Ballinger Park Hall Creek Restoration Project
In order to fulfill this component of the Ballinger Park Master Plan in a cost-effective manner, the city approached the US Army Corps of Engineers as a project partner. A preferred creek restoration design has been selected and developed to the 100% design level. The preferred design was selected using input from the public and from city staff, as well as through extensive analysis by the Army Corps on maximizing project benefit while minimizing project cost. The project is a cost share, with the city paying 35% of the engineering and construction cost, and the Corps paying 65%.
- Removal of old, non-functional tennis court
- Creek floodplain reconnection
- Protection of existing trail and field use
- Installation of channel diversification (boulders and large wood pieces)
- Removal of bank armor
- Bank restoration
- Invasive plant removal
- Addition of riparian and wetland native plants
- Addition of overstory and understory native plants around ponds and wetland areas
- Protection of habitat areas with signage, boardwalks, and fencing
- Construction of new creek channel with increased habitat potential
- Installation of pedestrian/maintenance bridge over new creek channel
- Construction of extensive flyover boardwalk to provide access to park visitors and protect sensitive areas
- Protection of sight lines for park safety
- Creation of educational signage targeted to specific audiences (dog walkers, fishermen, kids, etc.)
- Fulfillment of the environmental protection component of the Ballinger Park Master Plan
Estimated completion: Spring 2024.
56th Avenue West (Main Street) Stormwater System Upgrades
Problem: Significant street improvements are scheduled for the 56th Avenue West area. The age and condition of the stormwater pipes in this area will require numerous relocations, repairs, and replacements.
Solution: Stormwater pipes to be repaired, replaced, or relocated during the pavement replacement.
Estimated cost: $1,000,000
Estimated completion: 2024
52nd/212th Stormwater System Replacement
Problem: Broken stormwater pipes are causing pavement and sidewalk failure, as water leaking from the pipes during storms undermines the road edge. Replacement is complicated by multiple utilities in the same area, including a gas line over the stormwater pipes.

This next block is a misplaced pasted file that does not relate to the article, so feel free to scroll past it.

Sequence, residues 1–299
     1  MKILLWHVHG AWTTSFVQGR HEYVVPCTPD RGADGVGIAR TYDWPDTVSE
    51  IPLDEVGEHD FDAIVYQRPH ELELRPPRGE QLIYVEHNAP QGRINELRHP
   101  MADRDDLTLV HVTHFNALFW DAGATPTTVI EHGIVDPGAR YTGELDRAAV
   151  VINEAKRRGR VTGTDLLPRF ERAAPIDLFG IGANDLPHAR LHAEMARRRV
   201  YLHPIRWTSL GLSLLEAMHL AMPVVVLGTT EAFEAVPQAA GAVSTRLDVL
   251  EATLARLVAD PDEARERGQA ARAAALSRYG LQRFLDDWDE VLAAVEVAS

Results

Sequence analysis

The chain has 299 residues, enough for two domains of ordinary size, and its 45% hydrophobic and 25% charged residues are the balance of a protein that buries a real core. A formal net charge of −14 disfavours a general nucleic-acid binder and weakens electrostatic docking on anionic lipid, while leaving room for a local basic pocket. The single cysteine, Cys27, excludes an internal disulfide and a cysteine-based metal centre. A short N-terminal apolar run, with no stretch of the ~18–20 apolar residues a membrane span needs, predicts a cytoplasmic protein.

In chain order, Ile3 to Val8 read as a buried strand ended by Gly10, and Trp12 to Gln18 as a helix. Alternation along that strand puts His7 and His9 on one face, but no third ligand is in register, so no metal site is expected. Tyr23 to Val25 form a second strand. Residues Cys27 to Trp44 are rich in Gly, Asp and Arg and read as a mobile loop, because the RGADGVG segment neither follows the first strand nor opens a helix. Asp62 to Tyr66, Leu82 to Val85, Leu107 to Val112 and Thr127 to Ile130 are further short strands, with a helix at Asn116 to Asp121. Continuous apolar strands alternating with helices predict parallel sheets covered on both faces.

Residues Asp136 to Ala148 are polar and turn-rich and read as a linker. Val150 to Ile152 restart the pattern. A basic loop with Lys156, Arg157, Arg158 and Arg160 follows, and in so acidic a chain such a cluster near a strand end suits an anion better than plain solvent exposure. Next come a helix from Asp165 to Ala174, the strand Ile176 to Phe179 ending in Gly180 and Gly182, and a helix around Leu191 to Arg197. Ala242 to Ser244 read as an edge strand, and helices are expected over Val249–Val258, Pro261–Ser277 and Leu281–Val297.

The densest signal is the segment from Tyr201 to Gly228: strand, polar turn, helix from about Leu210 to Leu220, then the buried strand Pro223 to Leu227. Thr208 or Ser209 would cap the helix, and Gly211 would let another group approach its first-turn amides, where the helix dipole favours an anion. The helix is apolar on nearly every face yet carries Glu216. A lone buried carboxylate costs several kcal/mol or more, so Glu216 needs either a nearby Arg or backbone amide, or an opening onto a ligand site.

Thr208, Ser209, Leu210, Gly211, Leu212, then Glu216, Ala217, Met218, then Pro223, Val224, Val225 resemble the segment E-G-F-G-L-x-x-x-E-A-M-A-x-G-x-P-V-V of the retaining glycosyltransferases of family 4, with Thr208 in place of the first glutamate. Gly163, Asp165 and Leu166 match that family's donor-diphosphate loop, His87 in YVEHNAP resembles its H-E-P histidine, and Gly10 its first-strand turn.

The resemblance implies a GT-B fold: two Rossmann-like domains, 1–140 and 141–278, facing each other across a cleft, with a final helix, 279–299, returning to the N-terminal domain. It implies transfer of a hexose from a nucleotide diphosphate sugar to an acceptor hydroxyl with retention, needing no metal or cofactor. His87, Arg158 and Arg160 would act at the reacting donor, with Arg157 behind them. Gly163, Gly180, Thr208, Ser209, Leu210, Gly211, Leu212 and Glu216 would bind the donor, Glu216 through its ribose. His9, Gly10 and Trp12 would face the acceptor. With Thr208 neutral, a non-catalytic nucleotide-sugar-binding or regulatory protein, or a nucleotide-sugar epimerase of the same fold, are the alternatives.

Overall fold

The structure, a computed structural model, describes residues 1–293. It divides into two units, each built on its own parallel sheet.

Solution: Replace multiple failed stormwater pipes with one larger pipe away from the edge of the road.
Estimated cost: TBD
Estimated completion: Summer 2023
Hall Creek Fish Passage and Flood Reduction Study
Problems: Currently, there are several culverts on Hall Creek which may or may not be fish passage barriers; more information is needed to determine the degree of blockage to fish in this area of the city. In addition, undersized culverts on Hall Creek may be exacerbating flooding issues. The city wishes to reduce flooding to roads and private property in the upper part of the creek system while avoiding moving the flooding problem downstream.
Solution: Assess fish barriers using WDFW guidelines in order to determine where the most severe fish barriers are located. For flooding reduction, collect survey information and develop a hydrologic model showing what would be needed to address flooding all along the Hall Creek corridor. Analysis to include review of flows, culvert capacity issues, and the impact of sediment load transport within the system. Study is anticipated to produce a prioritized list of fish passage and flooding reduction projects.
Estimated cost: $149,000
Completed in 2023
213th Place SW Rockery Repair
Problem: A large hole has formed behind a rockery on Hall Creek, causing the rockery to fail and sediment to be washed downstream during high flows. Sediment has settled downstream, smothering life in the creek bed and potentially contributing to flooding.
Solution: Excavate behind the failed wall, restore the backing with gravel wrapped in geotextile, and rebuild the rockery. Also includes bypass of Hall Creek and construction provisions to protect fish and other aquatic life.
Estimated cost: $210,000 (includes engineering, permitting, and construction)
Completed summer 2022.
Taylor Pond Rehabilitation
Problem: Taylor Pond, located at the corner of 66th Avenue West and 216th Street SW, was constructed in 1980 as a regional detention and water quality facility. Forty years later, the pond is clogged with excessive sediment and invasive vegetation, reducing the capacity of the pond to store stormwater and improve water quality.
Solution: Rehabilitate Taylor Pond by removing accumulated sediment and excessive vegetation; replant native vegetation to return the pond to a fully functioning condition.
Estimated Cost: $360,000
Completed fall 2021.